SHILLONG, May 8 - After the humiliating defeat at the hands of Chinese in 1962, the image of the “nine foot Chinaman overrunning the country,” was created by then Prime Minister Jawaharlal Nehru to hide his follies.
Military historian and documentary filmmaker, Shiv Kunal Verma who penned the book “1962 -The War that Wasn’t,” says the image of the “invincible Chinaman” was created by Nehru to exonerate himself and others from the humiliating defeat and his book exposes that.
This phobia about the “mighty Chinese” still persists to this day in some measures, despite India having one of the best armed forces in the world now and are no push-overs, Verma said.
“The nine foot Chinaman did not overrun parts of North East during the 1962 war. It was Nehru and other bureaucrats who lost the war for India,” the author emphasised.
Verma, who has filmed the Kargil War and has authored several other books like the Northeast Trilogy, recently handed a copy of the book to Eastern Air Command chief, Air Marshal C Hari Kumar here.
According to Verma, Nehru committed one of the biggest blunders before the war by putting up political appointees in the armed forces, who lacked battle experience.
Nehru in fact “handpicked” Lt Gen BM Kaul, known to be close to Nehru, to lead the war, though he had no experience, the author pointed out in his book.
“Right up to the rank of Brigadier, before the 1962 war, there were mostly political appointees, who lacked experience of war,” Kunal said, who detailed these findings in his book.
Nehru, moreover, overlooked warnings from different eminent personalities and committees of a Chinese build-up along the borders and of an imminent attack.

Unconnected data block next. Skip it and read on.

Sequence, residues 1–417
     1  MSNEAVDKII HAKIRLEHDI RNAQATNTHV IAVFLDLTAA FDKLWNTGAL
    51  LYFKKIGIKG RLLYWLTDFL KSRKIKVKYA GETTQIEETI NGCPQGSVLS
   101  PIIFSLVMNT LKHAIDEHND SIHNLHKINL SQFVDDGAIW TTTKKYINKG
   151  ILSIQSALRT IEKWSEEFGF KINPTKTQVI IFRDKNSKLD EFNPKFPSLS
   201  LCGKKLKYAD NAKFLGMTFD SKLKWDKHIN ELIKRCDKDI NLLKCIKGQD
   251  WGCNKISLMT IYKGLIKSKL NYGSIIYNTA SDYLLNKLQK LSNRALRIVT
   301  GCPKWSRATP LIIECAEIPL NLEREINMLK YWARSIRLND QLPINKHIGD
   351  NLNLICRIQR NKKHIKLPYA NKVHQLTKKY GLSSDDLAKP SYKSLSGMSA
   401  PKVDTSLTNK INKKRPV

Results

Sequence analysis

Then Home Minister, Sardar Patel and also the Himmat Singh and Kulwant Singh committees gave adequate warnings to Nehru about China’s intent. “Sardar Patel had in fact written a letter predicting about this fallout (China attacking) but unfortunately 38 days later he died,” Verma said.
The reason for overlooking the advice of the experts was because Nehru considered himself a historian and viewed China favourably from history’s perspective. He further had Defence Minister, VK Krishna Menon, with Communist leanings, to guide him.
Despite these, much could have been salvaged had the Assam Rifles been positioned at the forward posts to slow down the Chinese advances.
“It is still a puzzle why the Assam Rifles were not put up at the borders. The Assam Rifles had the experience fighting the Japanese during World War II and also fighting with the Allied troops in the First World War,” Verma said.
Another blunder was not deploying the Air Force to stop the Chinese. “The Air Force was not deployed because of fear the Chinese Air Force would bomb our towns and cities. But at that time China did not have ATF (jet fuel). They couldn’t even fly within China,” the author said.
Meanwhile, Verma believes there is little possibility of a war between India and China in the near future. But border skirmishes would continue.
“They don’t want the border settled. They want the borders to be alive based on Mao Tse-Tung’s theory. The Chinese have an expansionist mindset,” he said.